The Science of Mindfulness

Another drink? Nah man, I'm good with just some breathing

Colleges and universities across the country spend a lot of time and resources addressing this common problem: binge drinking. Binge drinking can hinder students’ learning and academic achievement. Further alarming is how binge drinking leads to bodily injury, sexual assault, and even death. A complex problem with many roots, one team of researchers investigated the impact of a 4-week mindfulness intervention on students’ level of binge drinking.

Results indicated that after the intervention, students in the mindfulness intervention group reported significantly less binge drinking and fewer negative consequences of drinking. Further, they had increased levels of self-efficacy and dispositional mindfulness than the control group.

The authors of the study didn’t fully explore why the mindfulness intervention was successful, so here's a bit of back story based on other research and a plethora of anecdotal evidence. Binge drinking in college students (as well as adults) is often a reaction to difficult emotions - stress, overwhelm, uncertainty about belonging, etc. So one potential mechanism of why the intervention worked would be mindfulness’ strength as an emotion regulation skill. All of us to one degree or another try to soothe ourselves or escape from the difficulty of our current experience in one way or another - chocolate cake, TV, alcohol. Being mindful of our feelings, needs, and behaviors, we can begin to question whether having that next drink, or eating that entire cake is really going to help us feel better. And learning more skillful ways to soothe ourselves (i.e. breath and body practices, cognitive reframing, self-compassion, social connection), then we can be more efficacious in supporting ourselves through the often difficult situations we face in our lives.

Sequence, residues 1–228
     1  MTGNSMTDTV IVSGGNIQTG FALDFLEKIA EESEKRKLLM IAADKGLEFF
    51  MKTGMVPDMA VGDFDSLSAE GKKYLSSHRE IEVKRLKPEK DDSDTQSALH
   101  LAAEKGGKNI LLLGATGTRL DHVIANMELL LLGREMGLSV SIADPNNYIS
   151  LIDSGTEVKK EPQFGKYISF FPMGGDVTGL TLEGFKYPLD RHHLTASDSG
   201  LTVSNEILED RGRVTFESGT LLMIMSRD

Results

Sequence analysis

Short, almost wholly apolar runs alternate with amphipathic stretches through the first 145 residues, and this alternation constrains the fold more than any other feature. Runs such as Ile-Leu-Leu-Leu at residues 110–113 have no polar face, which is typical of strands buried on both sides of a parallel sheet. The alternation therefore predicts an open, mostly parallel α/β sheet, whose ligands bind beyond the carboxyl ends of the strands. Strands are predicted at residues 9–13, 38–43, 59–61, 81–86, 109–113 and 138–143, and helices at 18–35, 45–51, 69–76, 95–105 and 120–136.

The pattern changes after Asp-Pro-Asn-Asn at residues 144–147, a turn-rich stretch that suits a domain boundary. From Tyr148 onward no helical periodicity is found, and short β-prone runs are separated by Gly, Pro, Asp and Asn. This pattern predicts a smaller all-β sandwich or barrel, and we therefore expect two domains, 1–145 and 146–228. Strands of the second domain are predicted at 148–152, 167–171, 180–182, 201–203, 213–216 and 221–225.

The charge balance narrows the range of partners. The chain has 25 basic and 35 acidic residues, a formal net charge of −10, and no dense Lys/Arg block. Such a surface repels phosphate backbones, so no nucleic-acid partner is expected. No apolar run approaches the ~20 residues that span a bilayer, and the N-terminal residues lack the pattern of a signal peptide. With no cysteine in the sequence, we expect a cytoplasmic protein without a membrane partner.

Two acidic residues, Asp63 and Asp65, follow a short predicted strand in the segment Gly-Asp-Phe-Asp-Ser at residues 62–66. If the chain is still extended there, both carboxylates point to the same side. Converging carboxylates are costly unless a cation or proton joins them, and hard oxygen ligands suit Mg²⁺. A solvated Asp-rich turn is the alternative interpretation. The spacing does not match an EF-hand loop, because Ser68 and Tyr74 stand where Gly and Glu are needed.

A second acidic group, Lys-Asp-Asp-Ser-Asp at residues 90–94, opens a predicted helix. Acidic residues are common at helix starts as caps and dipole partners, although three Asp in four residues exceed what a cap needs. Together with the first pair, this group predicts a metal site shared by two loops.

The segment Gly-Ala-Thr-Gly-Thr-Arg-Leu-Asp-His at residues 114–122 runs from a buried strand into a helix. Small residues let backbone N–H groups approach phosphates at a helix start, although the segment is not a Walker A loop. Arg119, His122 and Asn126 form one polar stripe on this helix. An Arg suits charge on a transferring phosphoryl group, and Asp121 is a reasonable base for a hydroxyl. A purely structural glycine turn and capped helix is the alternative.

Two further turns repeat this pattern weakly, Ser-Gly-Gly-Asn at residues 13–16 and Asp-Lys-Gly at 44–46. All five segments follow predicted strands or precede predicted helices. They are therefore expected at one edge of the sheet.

Keryn Breiterman-Loader
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